"So I just discussed if there was any way that we could have adjustments to my schedule ... to allow me to at least be with the puppy while still working," McCarthy told Minnesota Public Radio.
The lead of McCarthy’s team, Allison McMenimen, said that McCarthy’s request for his schedule adjustment was approved and that it showed company leaders that fur babies were important to their employees as children.
"We realized that we had received these requests a couple of times, and we thought, for so many of our hardworking, dedicated employees, there's an opportunity for us to reciprocate their dedication and give them additional flexibility when they're making a major life change. And in this case, instead of a human baby, it's a fur baby," McMenimen told MPR.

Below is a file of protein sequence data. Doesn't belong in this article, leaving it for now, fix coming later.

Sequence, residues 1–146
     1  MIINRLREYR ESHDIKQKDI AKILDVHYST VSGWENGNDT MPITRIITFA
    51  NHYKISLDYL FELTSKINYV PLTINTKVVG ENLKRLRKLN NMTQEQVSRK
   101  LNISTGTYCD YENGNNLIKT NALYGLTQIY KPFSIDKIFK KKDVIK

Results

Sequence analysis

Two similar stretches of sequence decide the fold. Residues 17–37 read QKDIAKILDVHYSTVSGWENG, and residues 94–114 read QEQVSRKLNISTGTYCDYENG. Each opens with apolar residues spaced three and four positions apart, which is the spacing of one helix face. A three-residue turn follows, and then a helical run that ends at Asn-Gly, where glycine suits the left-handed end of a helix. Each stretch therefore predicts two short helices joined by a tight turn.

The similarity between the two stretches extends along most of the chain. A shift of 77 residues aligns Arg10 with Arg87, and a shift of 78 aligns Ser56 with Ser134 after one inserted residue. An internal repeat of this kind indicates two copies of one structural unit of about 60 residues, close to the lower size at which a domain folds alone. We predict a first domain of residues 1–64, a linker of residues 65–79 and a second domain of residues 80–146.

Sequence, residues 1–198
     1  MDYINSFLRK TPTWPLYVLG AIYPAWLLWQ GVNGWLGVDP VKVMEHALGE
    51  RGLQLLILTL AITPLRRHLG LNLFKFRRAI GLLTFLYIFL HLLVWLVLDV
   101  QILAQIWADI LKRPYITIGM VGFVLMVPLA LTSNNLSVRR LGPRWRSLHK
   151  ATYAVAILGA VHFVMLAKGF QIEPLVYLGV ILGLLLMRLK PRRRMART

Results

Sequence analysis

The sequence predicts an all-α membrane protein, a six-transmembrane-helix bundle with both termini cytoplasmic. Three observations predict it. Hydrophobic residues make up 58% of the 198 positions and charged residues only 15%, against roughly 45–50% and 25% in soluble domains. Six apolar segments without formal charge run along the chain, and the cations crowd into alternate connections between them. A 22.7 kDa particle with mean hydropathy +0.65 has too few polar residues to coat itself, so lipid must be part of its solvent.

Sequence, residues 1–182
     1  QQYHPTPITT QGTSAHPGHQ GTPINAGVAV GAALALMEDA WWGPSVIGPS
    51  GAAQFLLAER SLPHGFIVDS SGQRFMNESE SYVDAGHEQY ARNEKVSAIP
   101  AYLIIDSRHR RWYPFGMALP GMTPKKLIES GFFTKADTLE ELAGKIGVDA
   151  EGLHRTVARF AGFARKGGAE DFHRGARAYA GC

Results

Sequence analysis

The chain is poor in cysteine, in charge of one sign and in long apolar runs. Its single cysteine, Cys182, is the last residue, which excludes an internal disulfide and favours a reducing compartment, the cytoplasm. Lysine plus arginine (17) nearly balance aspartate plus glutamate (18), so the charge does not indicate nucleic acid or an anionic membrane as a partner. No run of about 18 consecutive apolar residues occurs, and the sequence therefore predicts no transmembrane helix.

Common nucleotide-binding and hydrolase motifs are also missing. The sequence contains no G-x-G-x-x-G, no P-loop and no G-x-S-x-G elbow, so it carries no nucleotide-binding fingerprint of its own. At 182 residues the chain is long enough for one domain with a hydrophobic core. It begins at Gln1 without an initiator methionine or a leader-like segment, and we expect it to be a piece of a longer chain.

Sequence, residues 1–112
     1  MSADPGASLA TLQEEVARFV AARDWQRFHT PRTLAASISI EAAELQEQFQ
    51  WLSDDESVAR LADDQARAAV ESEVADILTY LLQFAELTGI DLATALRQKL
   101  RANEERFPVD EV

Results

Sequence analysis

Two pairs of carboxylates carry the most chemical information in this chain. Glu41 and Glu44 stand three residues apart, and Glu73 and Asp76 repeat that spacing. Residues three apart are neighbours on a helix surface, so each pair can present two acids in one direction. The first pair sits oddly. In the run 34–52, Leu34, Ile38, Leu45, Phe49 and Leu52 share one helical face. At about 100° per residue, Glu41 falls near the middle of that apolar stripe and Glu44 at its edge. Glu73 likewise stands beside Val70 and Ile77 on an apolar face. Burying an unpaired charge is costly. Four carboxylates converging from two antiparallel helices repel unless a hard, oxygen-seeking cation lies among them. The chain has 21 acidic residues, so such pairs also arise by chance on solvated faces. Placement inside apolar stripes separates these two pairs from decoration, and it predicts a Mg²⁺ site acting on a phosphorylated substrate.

The company eventually introduced an official company benefits package with “fur-ternity leave” spelled out.
McCarthy said that the time off worked out for his family.
"I think it was great. Within a couple of weeks, he was potty-trained. I was able to help out with that." McCarthy told MPR. "He was a lot more at ease, and you could tell that he was getting used to being in this new environment because he had somebody there with him throughout the first week."